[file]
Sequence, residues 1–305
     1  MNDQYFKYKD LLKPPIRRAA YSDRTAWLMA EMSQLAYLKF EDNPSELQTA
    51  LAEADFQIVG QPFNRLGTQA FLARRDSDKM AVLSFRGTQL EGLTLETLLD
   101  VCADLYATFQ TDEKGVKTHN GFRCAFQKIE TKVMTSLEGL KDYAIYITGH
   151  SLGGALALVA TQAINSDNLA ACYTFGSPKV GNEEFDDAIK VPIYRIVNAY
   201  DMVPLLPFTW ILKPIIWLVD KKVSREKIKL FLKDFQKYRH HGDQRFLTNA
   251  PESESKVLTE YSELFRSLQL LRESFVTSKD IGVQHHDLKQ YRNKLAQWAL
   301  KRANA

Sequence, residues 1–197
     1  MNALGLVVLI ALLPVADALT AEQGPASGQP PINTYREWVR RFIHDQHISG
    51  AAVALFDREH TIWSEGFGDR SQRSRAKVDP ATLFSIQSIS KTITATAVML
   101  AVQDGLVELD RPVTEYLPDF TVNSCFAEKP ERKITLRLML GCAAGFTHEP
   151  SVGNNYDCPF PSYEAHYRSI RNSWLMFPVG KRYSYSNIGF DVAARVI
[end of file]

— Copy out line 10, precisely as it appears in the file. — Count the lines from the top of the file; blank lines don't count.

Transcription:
     1  MNALGLVVLI ALLPVADALT AEQGPASGQP PINTYREWVR RFIHDQHISG